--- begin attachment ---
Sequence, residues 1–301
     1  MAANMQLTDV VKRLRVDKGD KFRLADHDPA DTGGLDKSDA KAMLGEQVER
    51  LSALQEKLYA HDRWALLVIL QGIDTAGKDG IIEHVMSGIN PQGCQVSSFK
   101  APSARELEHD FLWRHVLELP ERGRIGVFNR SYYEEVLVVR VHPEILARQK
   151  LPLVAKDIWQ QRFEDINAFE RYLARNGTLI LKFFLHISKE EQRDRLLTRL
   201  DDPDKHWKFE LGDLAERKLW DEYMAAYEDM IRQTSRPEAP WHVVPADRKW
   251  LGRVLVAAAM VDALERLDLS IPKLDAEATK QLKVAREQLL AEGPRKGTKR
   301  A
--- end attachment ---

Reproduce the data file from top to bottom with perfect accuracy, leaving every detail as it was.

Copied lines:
Sequence, residues 1–301
     1  MAANMQLTDV VKRLRVDKGD KFRLADHDPA DTGGLDKSDA KAMLGEQVER
    51  LSALQEKLYA HDRWALLVIL QGIDTAGKDG IIEHVMSGIN PQGCQVSSFK
   101  APSARELEHD FLWRHVLELP ERGRIGVFNR SYYEEVLVVR VHPEILARQK
   151  LPLVAKDIWQ QRFEDINAFE RYLARNGTLI LKFFLHISKE EQRDRLLTRL
   201  DDPDKHWKFE LGDLAERKLW DEYMAAYEDM IRQTSRPEAP WHVVPADRKW
   251  LGRVLVAAAM VDALERLDLS IPKLDAEATK QLKVAREQLL AEGPRKGTKR
   301  A